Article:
I take the present opertunity of addressing to you a few lines to let you know that I am well at present and I hope that this bit of lead as it is all that I can get to write with will find you all in good helth it began to rain the day before yesterday and rained all day yesterday and has this morning let in for a wet day but still it is not muddy the soil is sandy and the rain runs in the ground whe have good tents but no stoves in them; they are a little damp we are now in Maryland and I expect that we will stay here for some time I have written several letters and have received no letters from you I want you to write and tell me where Will is I heard that he was a going to enlist and I wouldnt have him come here for a good deal he had better stay there where he can rove over the entry and be his own man wages will be very high and he can make more there than he can here I want you to write and tell me how you all are I am sorry that I cant be with you but my affections is whe must not forget that providence has a protecting hand my prayer is that we may once again meet. We all oght to live so that if we doant on earth that we will met where parting is no more where the sorrows of the world is all forgotten when I left Greenvild we went down to Books and I stayed there over night and started to Newcastle the morning it being Wednesday I soon got to Newcastle   I found out where William Sankey lived but I hadent time to go and see them   I got in the cars at 1 oclock and found Myself in Pitts at 4 oclock   I had to hurry over to the Connelsville railroad depot. I just got there in time to jump in the cars as the whistle blew for them to start an hour after and I was in camp Copland   I found that the regiment had left for Annapolis Maryland I saw an officer of the 100 refit and he sent me on to the regment the next day   I started at 3 oclock   I rode all night in the cars and found myself in harrisburgh at 9 oclock a Saturday   I got my breakfast at the soldiers rest   I liked harresburgh very well   we stayed there till 1 oclock and then we march across two large rivers to another depot where we took the cars for baltimore and got there at daylight Saboth   stayed there till we got our grub and then we started for the regt.   I stayed all night at the [several words illegible]... running trains for camps and was soon there where I have been ever since enjoying myself as best I could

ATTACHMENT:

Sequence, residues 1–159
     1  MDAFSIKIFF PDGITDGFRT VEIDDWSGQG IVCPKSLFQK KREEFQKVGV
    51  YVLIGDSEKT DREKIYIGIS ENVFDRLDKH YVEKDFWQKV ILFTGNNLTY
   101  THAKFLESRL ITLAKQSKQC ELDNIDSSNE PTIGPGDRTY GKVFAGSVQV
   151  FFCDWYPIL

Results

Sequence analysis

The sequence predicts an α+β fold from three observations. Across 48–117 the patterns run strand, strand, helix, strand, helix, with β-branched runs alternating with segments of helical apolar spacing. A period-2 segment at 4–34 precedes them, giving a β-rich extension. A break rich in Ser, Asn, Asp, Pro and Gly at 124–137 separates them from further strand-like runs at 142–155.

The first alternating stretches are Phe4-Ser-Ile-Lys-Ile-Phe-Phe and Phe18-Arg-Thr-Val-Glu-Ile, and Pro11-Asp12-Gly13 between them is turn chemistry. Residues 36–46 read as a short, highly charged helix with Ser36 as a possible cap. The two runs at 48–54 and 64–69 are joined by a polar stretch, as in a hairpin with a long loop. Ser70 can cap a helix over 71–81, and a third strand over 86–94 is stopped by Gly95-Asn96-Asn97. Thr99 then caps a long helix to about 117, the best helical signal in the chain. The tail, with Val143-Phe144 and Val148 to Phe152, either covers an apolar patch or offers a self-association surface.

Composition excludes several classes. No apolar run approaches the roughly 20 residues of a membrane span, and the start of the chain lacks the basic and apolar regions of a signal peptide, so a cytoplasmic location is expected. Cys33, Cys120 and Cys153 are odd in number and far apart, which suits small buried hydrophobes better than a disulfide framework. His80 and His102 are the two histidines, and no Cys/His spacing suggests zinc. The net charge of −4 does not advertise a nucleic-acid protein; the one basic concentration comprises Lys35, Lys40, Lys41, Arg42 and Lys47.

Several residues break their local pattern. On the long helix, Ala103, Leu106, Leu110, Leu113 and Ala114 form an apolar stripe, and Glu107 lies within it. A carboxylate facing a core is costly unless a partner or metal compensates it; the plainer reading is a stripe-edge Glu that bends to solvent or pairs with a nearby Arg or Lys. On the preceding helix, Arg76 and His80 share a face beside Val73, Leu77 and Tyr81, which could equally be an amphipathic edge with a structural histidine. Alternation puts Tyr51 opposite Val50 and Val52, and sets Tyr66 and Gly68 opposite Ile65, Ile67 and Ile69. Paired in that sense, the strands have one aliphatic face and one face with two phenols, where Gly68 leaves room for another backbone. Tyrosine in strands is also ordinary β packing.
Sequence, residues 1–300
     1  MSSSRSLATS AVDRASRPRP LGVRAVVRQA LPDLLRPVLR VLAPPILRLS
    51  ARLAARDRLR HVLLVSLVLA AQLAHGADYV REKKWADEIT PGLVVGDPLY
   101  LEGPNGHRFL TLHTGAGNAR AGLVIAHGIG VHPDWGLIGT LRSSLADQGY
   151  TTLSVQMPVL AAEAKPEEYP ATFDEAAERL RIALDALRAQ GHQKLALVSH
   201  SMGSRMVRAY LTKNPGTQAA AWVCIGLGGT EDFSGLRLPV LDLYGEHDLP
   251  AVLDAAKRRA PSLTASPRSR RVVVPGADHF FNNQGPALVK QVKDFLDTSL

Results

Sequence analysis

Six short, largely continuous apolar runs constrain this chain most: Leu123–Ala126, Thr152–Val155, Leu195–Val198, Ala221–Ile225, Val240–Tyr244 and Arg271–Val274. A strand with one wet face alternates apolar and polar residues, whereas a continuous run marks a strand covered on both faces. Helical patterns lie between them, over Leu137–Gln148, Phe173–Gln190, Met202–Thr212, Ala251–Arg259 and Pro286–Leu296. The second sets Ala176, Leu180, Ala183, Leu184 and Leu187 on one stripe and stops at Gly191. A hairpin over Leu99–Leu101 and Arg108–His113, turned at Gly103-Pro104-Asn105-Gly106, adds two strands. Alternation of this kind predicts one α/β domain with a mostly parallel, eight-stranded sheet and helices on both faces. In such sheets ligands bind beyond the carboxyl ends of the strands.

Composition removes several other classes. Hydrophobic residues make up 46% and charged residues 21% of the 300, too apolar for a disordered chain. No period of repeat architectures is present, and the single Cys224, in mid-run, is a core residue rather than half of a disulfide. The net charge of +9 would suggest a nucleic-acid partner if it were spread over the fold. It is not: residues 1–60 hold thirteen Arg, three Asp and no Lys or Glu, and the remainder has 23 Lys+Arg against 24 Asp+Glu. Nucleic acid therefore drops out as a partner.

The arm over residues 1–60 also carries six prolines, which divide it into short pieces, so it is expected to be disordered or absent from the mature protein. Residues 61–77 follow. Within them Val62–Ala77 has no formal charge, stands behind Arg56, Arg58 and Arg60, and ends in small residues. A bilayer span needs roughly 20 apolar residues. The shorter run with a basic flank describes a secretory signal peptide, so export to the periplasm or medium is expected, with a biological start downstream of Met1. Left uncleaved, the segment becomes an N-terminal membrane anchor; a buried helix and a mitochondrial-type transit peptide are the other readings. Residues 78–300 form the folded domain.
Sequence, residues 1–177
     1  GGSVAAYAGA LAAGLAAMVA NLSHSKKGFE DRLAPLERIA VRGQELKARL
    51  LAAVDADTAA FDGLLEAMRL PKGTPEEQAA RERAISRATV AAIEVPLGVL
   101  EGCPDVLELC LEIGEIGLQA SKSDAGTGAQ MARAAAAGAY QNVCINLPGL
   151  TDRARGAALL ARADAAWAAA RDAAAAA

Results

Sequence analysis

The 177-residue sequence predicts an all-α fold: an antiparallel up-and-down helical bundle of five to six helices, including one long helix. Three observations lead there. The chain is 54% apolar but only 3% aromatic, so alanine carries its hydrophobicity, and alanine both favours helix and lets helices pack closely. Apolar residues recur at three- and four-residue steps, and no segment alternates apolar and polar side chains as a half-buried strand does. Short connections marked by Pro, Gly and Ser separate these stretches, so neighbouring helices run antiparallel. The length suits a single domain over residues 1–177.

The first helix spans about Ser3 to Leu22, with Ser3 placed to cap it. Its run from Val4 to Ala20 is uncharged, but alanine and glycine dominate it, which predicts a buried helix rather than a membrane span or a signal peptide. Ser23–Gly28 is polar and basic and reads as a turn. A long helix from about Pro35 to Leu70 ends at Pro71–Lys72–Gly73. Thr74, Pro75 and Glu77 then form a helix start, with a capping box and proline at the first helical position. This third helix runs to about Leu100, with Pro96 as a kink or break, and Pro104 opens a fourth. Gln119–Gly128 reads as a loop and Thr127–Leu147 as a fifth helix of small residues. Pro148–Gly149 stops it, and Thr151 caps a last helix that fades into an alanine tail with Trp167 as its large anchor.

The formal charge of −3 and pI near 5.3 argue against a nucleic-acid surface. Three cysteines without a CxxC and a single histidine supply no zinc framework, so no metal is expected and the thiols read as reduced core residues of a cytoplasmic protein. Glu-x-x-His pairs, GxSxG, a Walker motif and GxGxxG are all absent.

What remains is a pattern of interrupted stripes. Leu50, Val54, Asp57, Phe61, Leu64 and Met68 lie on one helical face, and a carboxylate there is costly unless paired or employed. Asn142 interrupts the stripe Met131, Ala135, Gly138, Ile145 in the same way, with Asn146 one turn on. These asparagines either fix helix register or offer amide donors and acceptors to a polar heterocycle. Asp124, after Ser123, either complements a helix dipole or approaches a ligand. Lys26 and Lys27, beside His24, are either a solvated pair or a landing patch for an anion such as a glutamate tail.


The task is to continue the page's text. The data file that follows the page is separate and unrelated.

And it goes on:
John P. Sparks C Co., H 100 regt. Annapolis Maryland.
C Co. G. 100 refit., Pvt. Annapolis Md.
forward to regiment.

According to Calvin C. Sparks, Trafford William Sparks, brother of John P. Sparks, was often called William Trafford Sparks after their brother, William P. Sparks, died in 1854. Without doubt, the "Will" to whom John P. Sparks referred in the above letter was his brother, Trafford William Sparks. Trafford William Sparks was born June 24, 1844, at Edinburg, Pennsylvania, and died on August 15, 1924, at Eagle Rock, Pennsylvania. He was married twice. He married (first) Mary E. Henderson who died on February 8, 1870. They had two children who remained with their maternal grandmother after their mother's death. These two children of Trafford William and Mary E. (Henderson) Sparks were: Frances Sparks, born 1862. William Alver Sparks, born August 31, 1869, at Rouseville, PA. He married Florence Snider in 1893.